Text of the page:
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Fair Janet

[ Roud 44 ; Child 64 ; G/D 6:1100 ; Ballad Index C064 ; trad.]

David Herd: Ancient and Modern Scottish Songs, Heroic Ballads, etc. James Kinsley: The Oxford Book of Ballads

Peggy Seeger sang Fair Janet (Child 64A) in 1981 on her and Ewan MacColl’s Blackthorne album Blood & Roses Volume 2. They noted:

Throughout balladry, the women are challenging the right of their fathers and brothers to dispose of their hands in marriage. No reason is given in Fair Janet for Willie’s ineligibility as a bride-groom though it is suggested that he is not high-born enough. It is a brutal ballad in its earlier forms, in which Janet dances to prove that she has not born a child, that she is physically fit. The ballad shares many motifs with Northern European song and tale, but seems to have practically died out in oral tradition.

Corinne Male sang Fair Janet on her 2015 CD To Tell the Story Truly. She noted:

I found this in the Oxford Book of Ballads and fell in love with the characters, who are all so human and real. It was in broad Scots, however, which I wouldn’t feel comfortable singing, and I didn’t like the tune … it took ten years to evolve the version here and the final touch was realising I could use the tune of a particularly beautiful French song given to me by Catherine Perrier: La Claire Fontaine.

Jack Rutter sang Fair Janet and Young James (Child 64C) on his 2019 album Gold of Scar & Shale. He noted:

The cinematic story of this song leapt out at me from the page of my old and fairly battered copy of Francis James Child’s The English and Scottish Popular Ballads. From what I gather It’s never been recorded before really, this particular ballad. The melody is from June Tabor’s version of The Old Garden Gate.


Peggy Seeger sings Fair Janet

“Go to your father, Janet,
Go to your father soon,
Go to your father, fair Janet
I fear his days are done.”

So she’s away to her father
Down upon her knee;
“What would you have, dear father?
What would you have with me?”

“My will with you, Janet,
It is for bed and board,
They say you love little Willie
But you’re gonna marry a lord.”

“If I must leave little Willie
All for to marry some lord,
Then by my vow, said fair Janet,
He’ll never come in my bed.”

Then she’s away to her chamber,
Fast as she could run;
Who’s the first one knocking there,
Little Willie, her darling one.

“We must part our love, Willie,
That’s long been us between,
For there’s a lord come over from France
Gonna marry me with a ring.
There’s a lord come over from France
I got to go with him.”

“If we must part our love, Janet,
It’s for sorrow, grief and woe,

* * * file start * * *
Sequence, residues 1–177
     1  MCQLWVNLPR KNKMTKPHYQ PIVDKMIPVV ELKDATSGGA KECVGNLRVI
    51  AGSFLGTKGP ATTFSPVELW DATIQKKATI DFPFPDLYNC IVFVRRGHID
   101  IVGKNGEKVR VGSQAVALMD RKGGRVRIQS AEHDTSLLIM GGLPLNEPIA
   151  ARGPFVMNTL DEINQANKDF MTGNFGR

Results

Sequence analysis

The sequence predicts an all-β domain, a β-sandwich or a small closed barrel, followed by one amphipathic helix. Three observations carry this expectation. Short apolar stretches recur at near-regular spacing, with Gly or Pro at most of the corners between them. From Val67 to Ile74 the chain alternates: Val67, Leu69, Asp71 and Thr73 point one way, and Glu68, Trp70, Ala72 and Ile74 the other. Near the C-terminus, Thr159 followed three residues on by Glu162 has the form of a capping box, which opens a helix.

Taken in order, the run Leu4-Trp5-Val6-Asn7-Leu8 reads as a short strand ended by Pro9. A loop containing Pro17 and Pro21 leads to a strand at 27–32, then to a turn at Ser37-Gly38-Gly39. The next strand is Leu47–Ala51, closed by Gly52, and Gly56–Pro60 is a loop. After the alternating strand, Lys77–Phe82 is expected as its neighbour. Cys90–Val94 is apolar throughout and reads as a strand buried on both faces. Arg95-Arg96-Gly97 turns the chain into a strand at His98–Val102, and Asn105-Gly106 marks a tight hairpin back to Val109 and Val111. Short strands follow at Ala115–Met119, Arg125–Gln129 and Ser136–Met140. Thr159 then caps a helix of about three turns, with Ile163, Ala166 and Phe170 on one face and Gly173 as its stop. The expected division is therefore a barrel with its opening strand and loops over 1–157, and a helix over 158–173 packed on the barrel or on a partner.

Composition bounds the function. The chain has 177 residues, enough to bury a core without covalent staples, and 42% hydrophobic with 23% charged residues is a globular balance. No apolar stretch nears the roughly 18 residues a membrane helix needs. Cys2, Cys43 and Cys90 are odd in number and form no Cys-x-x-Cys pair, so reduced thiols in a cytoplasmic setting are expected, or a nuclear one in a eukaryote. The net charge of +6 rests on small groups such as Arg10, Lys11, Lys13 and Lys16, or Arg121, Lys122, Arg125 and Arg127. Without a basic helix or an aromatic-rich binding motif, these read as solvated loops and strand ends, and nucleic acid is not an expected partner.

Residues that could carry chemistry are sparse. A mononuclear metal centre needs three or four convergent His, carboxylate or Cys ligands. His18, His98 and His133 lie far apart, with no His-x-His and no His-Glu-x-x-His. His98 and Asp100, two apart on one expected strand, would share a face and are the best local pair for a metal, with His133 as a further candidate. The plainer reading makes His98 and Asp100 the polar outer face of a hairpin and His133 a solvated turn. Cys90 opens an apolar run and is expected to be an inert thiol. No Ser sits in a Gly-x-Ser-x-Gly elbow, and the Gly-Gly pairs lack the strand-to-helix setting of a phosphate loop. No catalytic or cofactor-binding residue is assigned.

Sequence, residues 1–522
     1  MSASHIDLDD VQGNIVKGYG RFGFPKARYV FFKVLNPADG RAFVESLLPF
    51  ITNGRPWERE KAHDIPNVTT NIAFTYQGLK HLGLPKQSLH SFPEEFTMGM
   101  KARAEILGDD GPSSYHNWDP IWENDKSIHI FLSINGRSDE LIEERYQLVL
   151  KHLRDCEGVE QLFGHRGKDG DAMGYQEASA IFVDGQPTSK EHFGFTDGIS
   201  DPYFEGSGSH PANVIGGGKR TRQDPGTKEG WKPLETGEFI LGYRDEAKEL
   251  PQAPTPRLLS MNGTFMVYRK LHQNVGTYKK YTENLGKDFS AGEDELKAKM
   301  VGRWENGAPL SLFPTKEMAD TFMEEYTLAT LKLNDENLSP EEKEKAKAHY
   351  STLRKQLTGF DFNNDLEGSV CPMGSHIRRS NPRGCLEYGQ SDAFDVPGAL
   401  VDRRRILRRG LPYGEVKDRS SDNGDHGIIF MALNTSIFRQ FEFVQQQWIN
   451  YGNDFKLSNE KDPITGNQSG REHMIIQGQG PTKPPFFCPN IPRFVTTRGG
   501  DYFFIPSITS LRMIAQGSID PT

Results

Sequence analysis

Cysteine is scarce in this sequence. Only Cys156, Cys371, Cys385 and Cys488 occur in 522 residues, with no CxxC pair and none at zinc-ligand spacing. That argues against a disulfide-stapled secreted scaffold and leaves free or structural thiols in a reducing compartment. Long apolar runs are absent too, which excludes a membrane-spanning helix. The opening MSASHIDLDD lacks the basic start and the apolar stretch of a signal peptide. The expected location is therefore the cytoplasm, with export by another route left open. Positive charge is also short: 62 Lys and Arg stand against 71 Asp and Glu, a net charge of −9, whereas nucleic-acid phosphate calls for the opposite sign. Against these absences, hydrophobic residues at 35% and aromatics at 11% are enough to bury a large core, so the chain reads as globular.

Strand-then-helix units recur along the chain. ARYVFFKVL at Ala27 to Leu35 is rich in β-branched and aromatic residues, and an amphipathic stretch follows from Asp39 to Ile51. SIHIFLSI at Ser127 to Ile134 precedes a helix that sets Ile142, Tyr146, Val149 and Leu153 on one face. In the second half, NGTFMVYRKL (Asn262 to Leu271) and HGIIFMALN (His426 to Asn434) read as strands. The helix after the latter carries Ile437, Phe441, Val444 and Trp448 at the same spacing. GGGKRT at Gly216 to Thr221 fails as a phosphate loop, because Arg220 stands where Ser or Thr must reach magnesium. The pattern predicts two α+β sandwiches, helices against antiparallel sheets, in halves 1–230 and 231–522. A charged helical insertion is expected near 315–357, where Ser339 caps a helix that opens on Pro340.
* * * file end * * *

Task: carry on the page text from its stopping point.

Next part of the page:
If we must part our love, Janet,
I’ll into mourning go.”

“First send to me your sisters,
Meg and Mary and Jean,
Bid them come to my bedside,
I fear my time is come.”

So he’s away to his sisters,
Meg and Mary and Jean,
Bid them go to fair Janet,
“I fear her time is come.”

Some drew on silk stocking,
Some drew on silk gown;
Some drew on their green mantle
All for to ride to town,
And they’re away to fair Janet
Fast as they could run.

“Come here, come here, little Willie,
Take your little young son;
Carry him home to your mother’s house,
Mother I dare be none.”

He’s taken to him his baby,
Kissed both cheek and chin,
He’s away to his mother’s house,
“Open and let me in.”

The rain rains on my shoulder,
The dew drops on my skin,
Here’s my little young baby,
Open and take him in.”

“Go back to Janet, Willie,
She has more need of thee,
And where you had but one nurse,
Your young son shall have three.”

In and came her father,
Stood at her bedside,
“Get up, get up, you fair Janet,
Tonight you become a bride.”

“There’s a cruel pain in my breast, father,
And a cruel pain in my side,
Too ill, too ill, dear father,
This night to become a bride.”

“Get up get up, you Janet,
Put on your wedding gown,
For you’ll be a bride in the evening
Though you be dead in the morn.”

“Bridesmaidens, lift me up easy,
Lift me up easy for to ride,
Bridesmaidens, sit me up easy,
I am a deathly bride.”

When they brought her to marry
To tie the wedding band,
Janet was so pale and wan,
Barely could she stand.

Up and bowed her husband:
“Bride, will you dance with me?”
“Away, away, you old French man,
Your love I never will be.”

Up and stepped little Willie:
“Janet, dance with me.”
“By my vow and that I will
Though my body do break in three.”

Through the dance, fair Janet,
Through the dance but twice,
When down she fell at Willie’s feet,
Never again to rise.

“Take the bracelet from my arm, Willie,
Take the garter from my knee;
Give them to our little young son,
His mother he never will see.”

“Go home and tell my mother
My little mare has me thrown;
Bid her be kind to my little young son,
Father he’ll never have none.”